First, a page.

Face has partnered with BRIDG, an industry-led public-private partnership for advanced technologies and manufacturing processes, in order to further develop and manufacture the Evercell power cell. In the press release, we learn that an Evercell prototype has already been tested for 16 months with undiminished performance, and producing enough electrical output to power a typical wireless sensor. Furthermore, Evercell power cells are said to be “inexpensive to produce, consume no fuel, have no moving parts, and contain no toxic materials”. If the collaboration produces the expected results, mass production should start in 2019 at BRIDG facility located in NeoCity, Florida in the US. Further information may be found in Face’s Evercell product page.

Via Power Electronics News

BigClown is a Battery Powered Modular Wireless IoT Kit for Makers (Crowdfunding)

January 24th, 2018 No comments

BigClown IoT Kit is designed to be as easy to use as building a castle from LEGO bricks or an IKEA cabinet. The open source kit is comprised of a coreboard module with STMicro STM32L0 Cortex M0+ micro-controller, and a sub GHZ (868/915MHz) radio for wireless communication, that accepts one or more compatible modules (currently ~30 different options), and communicate to a gateway such as Raspberry Pi or Turris Omnia where you’d connect BigClown RF USB dongle, although it’s also possible to include a Sigfox module for communication, and , LoRa & NB-IoT module appear to be planned.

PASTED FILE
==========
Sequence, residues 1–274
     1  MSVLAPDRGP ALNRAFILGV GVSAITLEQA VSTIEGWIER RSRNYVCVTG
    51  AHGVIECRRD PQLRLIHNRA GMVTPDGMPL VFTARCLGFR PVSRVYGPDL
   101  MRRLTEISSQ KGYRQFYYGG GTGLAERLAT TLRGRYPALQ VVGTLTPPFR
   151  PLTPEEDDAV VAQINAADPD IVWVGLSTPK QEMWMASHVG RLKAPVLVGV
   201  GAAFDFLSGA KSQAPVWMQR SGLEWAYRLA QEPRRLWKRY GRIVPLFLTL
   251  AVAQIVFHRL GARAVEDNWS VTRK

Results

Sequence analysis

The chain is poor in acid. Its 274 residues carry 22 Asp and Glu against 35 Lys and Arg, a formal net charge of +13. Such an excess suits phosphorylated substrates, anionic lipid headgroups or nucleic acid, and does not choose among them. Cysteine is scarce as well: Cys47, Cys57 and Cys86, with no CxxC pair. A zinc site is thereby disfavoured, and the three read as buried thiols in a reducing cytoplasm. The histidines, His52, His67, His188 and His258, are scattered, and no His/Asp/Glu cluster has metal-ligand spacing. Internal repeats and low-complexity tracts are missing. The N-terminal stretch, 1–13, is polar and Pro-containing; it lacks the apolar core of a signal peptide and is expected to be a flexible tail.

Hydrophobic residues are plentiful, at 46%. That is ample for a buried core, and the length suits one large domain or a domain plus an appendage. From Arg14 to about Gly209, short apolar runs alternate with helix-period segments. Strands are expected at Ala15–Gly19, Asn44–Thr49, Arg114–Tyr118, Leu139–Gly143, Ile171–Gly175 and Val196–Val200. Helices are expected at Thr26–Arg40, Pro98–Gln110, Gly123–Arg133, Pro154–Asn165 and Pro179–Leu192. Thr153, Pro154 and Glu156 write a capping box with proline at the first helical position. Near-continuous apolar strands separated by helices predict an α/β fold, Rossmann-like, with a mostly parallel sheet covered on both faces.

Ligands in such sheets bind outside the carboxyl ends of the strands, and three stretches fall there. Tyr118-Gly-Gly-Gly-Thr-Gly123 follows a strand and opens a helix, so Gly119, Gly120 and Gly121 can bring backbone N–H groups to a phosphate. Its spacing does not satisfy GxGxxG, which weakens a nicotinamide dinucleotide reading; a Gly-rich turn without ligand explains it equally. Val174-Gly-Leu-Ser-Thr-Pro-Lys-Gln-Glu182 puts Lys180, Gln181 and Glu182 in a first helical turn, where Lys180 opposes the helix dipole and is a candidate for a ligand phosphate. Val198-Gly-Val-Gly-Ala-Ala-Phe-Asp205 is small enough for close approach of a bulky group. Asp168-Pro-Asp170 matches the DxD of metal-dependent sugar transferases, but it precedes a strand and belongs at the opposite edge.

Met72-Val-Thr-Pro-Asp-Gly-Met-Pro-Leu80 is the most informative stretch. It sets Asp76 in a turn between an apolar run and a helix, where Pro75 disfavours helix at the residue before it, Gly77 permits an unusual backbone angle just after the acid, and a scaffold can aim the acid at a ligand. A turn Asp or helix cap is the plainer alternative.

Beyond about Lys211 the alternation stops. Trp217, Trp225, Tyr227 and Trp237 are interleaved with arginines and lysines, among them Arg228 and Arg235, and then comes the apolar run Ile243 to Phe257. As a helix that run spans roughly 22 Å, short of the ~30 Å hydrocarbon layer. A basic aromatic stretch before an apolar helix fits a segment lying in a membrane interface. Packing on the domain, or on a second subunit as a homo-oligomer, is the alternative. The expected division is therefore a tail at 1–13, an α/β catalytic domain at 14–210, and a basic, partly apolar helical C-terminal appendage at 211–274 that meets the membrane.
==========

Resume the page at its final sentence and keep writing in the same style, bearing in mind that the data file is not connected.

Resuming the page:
That’s for the hardware…The kit then connects to your chosen gateway via MQTT, which in turns accesses cloud services such as Ubidots, Microsoft Azure IoT, AWS, IFTTT, etc… , and you can monitor the data or control the kit through a web based dashboard or your own application.

Core Module specifications:

  • MCU – STMicro STM32L083CZ Arm Cortex M0+ MCU with 192KB flash, 20KB RAM
  • Connectivity  – sub-GHZ Radio (868/915 MHz)